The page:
I didn’t notice the crucial commonality between nearly all of the best-respected Alcovians until CAMP was over. Everyone who mattered lived in the New York area. After CAMP ended there were reunions almost weekly for the remainder of the summer: everyone would go sit in big circles in Central Park and keep doing what we’d done at camp. None of it ever ended for these kids: CAMP friends were their primary friend group year-round. Some of the New York crew had long ago aged out: there were college kids still hitting up the reunions.

NYC is an eight-hour drive from my hometown. I had lost the ability to form sentences around words that were not part of the insular and impenetrable CAMP vocabulary. Most of the time when a kid comes home from a camp there are a lot of tears. I sobbed until I triggered my gag reflex and then dry heaved for a solid hour.

My immune system was not equipped to fight off a cultural virus. I was saturated with social values that were no longer relevant to my surroundings: my self-esteem was dependent on ghosts. Alcove culture had entirely supplanted the previously unshakable paradigm of middle school normalcy. CAMP values were managing the part of my brain that generated self-esteem. They had lodged themselves there and now, of course, I  would take them to the grave. I was appalled at the notion of having to physically occupy a space where no one had heard “American Pie” and being expected to assimilate back into the bland normalcy of midwestern high school.

My big mistake was thinking that I didn’t have to. I started making multi-hour phone calls to various CAMP friends every night under the guise of taking my dog for a long, long walk. Those of us who lived too far away for reunions learned to lean on each other. As I understood it, we were all nursing an addiction to the sweetest inclusion we’d ever known. It was never enough, but at least we could give each other a little bit of a x just by touching the call button. After a week and a half my parents were close to hiring someone to deprogram me.

In 2004, what had previously been oral history was reified in wiki form. I revisited the site while researching this piece: If you look through the wiki you find posts by the 1996 cohort of CAMPers. “CAMP isn’t just a smattering of geniuses or a blissful community; it’s the part of life that makes the whole thing worth living,” reads one page. “You are CAMP, and CAMP will always be yours.” I learned some new things. There’s a term – “neverwas” – for individuals who “belatedly learned of the program and fell in love with the culture and traditions” despite never having actually attended. There’s a story about the time in 1988 when staff refused to play the Canon and campers subsequently refused to leave the gymnasium until staff conceded. In 1995 Digiclan and LLRT had extensive deliberations which led to the concretization of the official Canon. There’s a note to parents about how to manage a child experiencing post-CAMP withdrawal: “due to the incident-based nature of CAMP Withdrawal, it is likely to be medically accepted as a form of minor depression.” I found my own user page, almost incomprehensible due to the density of Alcove jargon I have since forgotten.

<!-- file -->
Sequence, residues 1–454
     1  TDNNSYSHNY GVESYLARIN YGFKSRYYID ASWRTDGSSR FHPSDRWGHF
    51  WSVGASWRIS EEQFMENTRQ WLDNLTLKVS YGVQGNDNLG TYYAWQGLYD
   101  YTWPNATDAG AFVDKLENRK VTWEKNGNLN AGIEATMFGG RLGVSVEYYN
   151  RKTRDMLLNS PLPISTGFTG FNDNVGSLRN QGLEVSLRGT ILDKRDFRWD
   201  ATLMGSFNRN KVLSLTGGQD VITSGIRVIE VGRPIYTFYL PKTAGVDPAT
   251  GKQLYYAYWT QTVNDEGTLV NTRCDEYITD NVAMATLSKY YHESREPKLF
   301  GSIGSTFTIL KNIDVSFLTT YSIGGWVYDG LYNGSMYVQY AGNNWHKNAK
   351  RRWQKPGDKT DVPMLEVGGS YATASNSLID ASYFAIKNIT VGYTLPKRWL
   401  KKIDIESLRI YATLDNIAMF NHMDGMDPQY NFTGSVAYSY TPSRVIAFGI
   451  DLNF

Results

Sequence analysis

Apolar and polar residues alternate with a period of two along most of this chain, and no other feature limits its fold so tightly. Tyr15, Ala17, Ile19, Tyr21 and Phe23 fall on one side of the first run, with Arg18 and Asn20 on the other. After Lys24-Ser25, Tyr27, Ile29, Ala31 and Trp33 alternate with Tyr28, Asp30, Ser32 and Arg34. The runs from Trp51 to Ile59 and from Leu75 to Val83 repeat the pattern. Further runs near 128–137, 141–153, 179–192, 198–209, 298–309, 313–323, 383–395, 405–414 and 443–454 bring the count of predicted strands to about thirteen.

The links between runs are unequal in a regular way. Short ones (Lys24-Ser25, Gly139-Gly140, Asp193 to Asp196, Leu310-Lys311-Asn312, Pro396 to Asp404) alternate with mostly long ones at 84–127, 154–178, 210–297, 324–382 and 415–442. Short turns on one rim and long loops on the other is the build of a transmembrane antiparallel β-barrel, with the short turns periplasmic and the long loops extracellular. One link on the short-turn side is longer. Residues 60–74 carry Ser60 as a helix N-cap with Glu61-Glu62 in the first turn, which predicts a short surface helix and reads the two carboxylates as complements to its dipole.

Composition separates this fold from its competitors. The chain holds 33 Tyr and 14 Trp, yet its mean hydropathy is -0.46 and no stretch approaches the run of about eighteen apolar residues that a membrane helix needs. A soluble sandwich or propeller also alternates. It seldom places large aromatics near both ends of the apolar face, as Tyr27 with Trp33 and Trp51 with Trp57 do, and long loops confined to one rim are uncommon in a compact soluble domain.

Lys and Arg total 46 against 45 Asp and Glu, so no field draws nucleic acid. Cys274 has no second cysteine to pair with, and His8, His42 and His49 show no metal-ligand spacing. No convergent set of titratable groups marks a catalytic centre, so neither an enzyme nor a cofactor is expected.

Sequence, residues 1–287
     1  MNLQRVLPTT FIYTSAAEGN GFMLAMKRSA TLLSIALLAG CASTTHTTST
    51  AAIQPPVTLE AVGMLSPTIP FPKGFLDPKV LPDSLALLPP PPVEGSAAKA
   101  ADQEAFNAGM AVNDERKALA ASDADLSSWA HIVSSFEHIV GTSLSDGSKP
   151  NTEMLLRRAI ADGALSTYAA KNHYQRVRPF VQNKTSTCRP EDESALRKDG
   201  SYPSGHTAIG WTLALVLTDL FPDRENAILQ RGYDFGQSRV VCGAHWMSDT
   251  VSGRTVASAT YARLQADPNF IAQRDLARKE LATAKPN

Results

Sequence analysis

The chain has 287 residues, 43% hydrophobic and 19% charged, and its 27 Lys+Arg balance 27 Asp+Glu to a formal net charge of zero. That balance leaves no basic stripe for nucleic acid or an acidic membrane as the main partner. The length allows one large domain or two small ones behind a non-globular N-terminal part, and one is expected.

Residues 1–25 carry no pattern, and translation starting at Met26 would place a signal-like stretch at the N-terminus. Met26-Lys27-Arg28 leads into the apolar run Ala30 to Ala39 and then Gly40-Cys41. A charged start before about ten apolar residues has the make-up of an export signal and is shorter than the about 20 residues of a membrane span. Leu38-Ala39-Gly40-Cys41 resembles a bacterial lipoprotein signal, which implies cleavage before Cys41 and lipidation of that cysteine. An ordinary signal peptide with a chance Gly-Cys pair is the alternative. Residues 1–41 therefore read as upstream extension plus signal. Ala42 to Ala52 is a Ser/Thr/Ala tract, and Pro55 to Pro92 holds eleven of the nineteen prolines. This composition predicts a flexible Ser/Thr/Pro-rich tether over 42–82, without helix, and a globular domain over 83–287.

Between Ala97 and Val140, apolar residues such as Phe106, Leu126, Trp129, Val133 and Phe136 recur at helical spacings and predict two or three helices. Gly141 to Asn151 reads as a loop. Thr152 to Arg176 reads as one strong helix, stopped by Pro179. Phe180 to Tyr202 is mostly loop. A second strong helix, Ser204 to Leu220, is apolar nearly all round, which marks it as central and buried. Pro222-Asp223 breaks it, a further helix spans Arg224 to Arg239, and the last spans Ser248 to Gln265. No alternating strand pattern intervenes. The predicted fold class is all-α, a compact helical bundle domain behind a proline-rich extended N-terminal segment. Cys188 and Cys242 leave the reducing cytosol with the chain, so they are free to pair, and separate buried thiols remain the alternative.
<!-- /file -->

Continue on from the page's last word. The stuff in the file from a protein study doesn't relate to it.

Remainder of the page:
Some CAMPers used to feel that the wiki was sacrilege, damaging the integrity of the community’s boundaries and the reducing the potency of the oral tradition. It’s not quite Wikipedia – there’s a small militia of enthusiastic gardeners, but the wiki is primarily a supplement to broader CAMP culture. It’s a virtually-located, organic and continually re-generated scripture for a culture that exists apart from it. And yet one of the site ad- mins – someone I had met briey at a post-CAMP reunion – still edits the wiki multiple times per week, nine years after aging out. The position lists are still fully updated, and when I click through some of the usernames on the Recent Changes page many of them are current CAMPers, planning to attend in summer 2017. The Alcove’s still alive and well, perpetuating itself without me.